Game Story Case Studies, Episode 31: Puyo Puyo Tetris (Finale)

Act 7, Ending:

Almost done, it is time for the Puyo Puyo characters to say goodbye to the Tetris themed characters:


Well, it looks like these characters won’t be able to meet again, and of course, Ess is unnecessarily crabby, as always. There is a sequel to this game that was recently released at the time of this writing, so that isn’t the case, but that information is for a separate case study at another time. Let’s see how everyone else is handling this situation.


Great, more dialogue in whatever language O and Carbuncle speak. I know they need to have their say, but a translation would be appreciated!


So then why do they think it’s goodbye? Also, there is a warp tunnel in the SS Tetra, who knows what that can do!


Well this got awkward, I guess they do like each other. Not much else to remark about this dialogue, so let’s move on.


You mean the apple she’s always holding? Whoever selected the image in this dialogue exchange missed that she had one in her hand already. Does this mean she wasn’t holding one this entire game, and they gave it to her in the images for no obvious reason? This is a continuity error, where something doesn’t match with what is said or shown in any media form.


Jeez, it’s not like she won’t come back! Oh, whatever, we are getting somewhat close to the end, might as well not harp on this story’s weirdness more than I need to.


Ok, more awkwardness, but not much else to this scene.


Okay, thanks to limited animation, we can’t see if Tee ate the apple or not. Right now, this scene is mostly small talk, so let’s move on.


And more drawn out awkwardness, mixed with sadness. Kind of clashes with the rest of the nonsensical story. This also makes this scene quite long, which isn’t great for a video game.


And more awkward sadness. Sure, this is adequately written, but get on with it, or change the mood or something! 


Okay, good, they lightened the mood with a joke. This is one of the few moments I will praise the writing of this game, if only slightly.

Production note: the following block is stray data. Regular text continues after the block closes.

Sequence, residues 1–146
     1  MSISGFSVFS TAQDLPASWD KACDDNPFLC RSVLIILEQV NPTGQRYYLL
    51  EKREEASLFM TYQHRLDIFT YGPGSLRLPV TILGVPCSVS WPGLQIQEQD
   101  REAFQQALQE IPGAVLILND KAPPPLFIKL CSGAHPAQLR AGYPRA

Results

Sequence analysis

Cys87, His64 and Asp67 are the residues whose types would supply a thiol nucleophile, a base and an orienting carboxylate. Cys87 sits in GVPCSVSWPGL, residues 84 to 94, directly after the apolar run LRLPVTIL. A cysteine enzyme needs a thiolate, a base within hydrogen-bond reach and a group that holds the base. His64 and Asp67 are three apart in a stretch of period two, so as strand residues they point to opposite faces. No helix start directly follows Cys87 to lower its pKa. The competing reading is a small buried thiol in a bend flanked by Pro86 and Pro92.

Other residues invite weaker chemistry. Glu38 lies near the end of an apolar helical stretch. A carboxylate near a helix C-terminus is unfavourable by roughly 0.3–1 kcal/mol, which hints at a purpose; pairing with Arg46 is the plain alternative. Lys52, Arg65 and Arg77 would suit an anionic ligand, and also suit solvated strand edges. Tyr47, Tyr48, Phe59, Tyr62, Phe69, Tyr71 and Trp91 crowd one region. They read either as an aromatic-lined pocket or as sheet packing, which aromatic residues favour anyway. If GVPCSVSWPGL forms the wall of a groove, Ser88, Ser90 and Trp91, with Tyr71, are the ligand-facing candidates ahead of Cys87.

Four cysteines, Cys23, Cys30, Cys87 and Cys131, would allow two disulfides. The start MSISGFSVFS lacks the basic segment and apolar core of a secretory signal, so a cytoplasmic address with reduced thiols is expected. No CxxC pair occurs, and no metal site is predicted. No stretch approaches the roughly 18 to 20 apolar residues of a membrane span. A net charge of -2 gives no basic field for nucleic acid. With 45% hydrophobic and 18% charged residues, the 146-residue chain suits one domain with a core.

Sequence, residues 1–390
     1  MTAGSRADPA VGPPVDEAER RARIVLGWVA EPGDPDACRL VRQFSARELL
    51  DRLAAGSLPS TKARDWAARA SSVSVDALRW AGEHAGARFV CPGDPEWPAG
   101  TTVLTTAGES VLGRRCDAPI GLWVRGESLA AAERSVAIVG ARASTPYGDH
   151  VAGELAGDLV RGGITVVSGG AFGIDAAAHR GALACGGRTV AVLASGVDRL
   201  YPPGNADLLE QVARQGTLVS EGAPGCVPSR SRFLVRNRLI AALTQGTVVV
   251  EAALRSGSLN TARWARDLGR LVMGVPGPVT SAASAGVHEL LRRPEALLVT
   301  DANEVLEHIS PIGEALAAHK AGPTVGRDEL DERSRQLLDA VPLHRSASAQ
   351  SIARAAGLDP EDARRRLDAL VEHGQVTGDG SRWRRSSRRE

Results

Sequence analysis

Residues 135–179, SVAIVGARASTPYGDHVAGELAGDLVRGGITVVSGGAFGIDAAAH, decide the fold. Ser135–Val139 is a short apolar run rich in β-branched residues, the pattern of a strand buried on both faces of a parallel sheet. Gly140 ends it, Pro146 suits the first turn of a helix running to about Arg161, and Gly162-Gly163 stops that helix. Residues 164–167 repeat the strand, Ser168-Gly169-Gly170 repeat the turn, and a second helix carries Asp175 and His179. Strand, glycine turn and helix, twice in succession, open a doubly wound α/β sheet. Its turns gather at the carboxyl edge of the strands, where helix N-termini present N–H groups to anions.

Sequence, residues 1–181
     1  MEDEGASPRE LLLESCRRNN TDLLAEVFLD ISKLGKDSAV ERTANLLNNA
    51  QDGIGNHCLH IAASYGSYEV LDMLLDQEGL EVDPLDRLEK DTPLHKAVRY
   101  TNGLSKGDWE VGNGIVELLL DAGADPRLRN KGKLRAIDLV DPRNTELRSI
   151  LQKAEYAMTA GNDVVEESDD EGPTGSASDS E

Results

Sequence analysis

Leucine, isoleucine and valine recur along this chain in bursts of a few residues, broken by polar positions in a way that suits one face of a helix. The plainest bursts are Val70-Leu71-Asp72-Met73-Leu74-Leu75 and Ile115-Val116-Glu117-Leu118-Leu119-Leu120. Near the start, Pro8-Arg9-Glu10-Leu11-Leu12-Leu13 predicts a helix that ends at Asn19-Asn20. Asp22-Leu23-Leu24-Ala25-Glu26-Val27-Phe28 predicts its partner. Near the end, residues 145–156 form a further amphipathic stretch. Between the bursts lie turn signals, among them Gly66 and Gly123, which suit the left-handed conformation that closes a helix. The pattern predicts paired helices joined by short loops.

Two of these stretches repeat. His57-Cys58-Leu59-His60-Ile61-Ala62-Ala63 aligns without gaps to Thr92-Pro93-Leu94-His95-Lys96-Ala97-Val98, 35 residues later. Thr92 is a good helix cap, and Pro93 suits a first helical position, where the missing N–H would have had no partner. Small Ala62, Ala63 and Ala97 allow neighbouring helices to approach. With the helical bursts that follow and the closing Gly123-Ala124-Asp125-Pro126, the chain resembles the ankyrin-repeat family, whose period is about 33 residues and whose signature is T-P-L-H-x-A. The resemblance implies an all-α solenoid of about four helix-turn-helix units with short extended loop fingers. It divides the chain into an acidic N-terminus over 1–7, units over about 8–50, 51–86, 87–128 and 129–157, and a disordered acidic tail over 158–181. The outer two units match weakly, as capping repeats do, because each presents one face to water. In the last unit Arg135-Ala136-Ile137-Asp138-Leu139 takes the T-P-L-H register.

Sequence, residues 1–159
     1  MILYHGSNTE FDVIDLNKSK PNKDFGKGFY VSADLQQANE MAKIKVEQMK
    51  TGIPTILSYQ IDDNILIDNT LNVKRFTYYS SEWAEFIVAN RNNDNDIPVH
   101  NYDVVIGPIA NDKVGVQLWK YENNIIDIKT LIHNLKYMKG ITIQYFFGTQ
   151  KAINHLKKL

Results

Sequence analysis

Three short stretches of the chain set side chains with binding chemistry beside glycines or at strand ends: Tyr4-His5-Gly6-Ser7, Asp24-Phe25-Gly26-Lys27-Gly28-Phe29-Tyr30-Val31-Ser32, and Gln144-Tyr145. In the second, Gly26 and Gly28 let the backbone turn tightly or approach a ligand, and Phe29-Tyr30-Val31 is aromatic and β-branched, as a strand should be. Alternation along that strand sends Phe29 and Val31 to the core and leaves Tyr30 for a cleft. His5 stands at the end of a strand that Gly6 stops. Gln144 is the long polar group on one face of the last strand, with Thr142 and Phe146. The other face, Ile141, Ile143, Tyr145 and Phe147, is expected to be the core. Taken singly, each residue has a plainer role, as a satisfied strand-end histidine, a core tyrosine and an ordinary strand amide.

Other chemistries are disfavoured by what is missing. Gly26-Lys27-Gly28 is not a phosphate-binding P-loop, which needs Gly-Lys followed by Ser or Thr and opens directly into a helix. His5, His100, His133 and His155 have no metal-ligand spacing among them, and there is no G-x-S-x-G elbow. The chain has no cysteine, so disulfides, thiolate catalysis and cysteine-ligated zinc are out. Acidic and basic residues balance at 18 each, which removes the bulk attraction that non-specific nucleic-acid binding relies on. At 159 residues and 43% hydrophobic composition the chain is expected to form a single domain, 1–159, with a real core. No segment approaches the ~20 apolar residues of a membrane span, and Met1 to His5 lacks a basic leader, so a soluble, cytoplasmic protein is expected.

And more comedy. Were they really just watching these two have a moment? Is that rude? Creepy? I’d say a bit of both.


Ok, are we almost done here? Talk about a long scene! At least it is near the end of the game with no more gameplay, but still, let’s finish it already.


Now it is finally the end! This ending does seem a little abrupt too, and could have been enhanced with a visual cutscene at the end (though that must not have been in the budget)! Something like Tee and his crew flying off on the SS Tetra as Ringo and friends watch could have worked well. Heck, even having the spaceship in the background as they say their goodbyes could’ve done a better job setting up the ending.

And now to rate this game’s story, with an explanation why. There are three possible ratings that I could give to any game’s story. Here’s a breakdown:

  • Pass: This story passes as either a standalone story, or as a video game story. In general, a game that gets this rating works.
  • Fail: Any story that gets this fails as a story and/or clashes too much with the gameplay to work
  • Succeed: This rating is for game stories that pass with flying colors, either as a story, or as a game that has gameplay and story work in harmony.

So which rating does Puyo Puyo Tetris get?:


This game makes several mistakes in its story. Most notably, that it has one! Puzzle games do not need much of a story, and at most it could have a simple one. It does not need one that tries to explain the world where an abstract puzzle game influences the world around it! If the story is adventure based, it needs to be simpler and shorter. Instead, this game drags the story on for too long, with comedic scenes that frequently fall flat. 

As a warning to aspiring game writers (and writers in general), comedy is the hardest genre to write for. Oftentimes, it is too easy for a joke to fall flat, and much of the time when comedies are written, they focus more on laughs than on the actual story. This can be to the extent that it doesn’t make sense anymore, or that the story is shallow.

Don’t get me wrong, I want more comedic games to be out there, but Puyo Puyo Tetris messes up what story it does have by not being focused. Also there was one point I didn’t get. Why were those characters possessed in this game? They weren’t controlled by an outside force, or an evil entity, as Ex wasn’t evil. It is things like this that makes this game’s story really bad. It might have had some good one-liners, but the context was way off! The best comedies have a good reason for jokes to be there, and there was no real set up here.

Puyo Puyo Tetris is a good game, but not because of its story. There is little reason to play the story mode, so don’t play this game for its writing!

And that finally concludes Puyo Puyo Tetris’s game story case study. Thank you to all who may have read this series of articles! I intend to make a more thorough series of eBooks based on these articles eventually, so let me know if you would like to see that. Also let me know what you thought of this game’s story. Were there any high or low points that I missed that I should have covered? Tell me all this and more in the comments below! If you enjoyed this article, then click that like button and share on social media! You may also subscribe via email or WordPress to keep up with That’s All Games! Until next time, have fun gaming!

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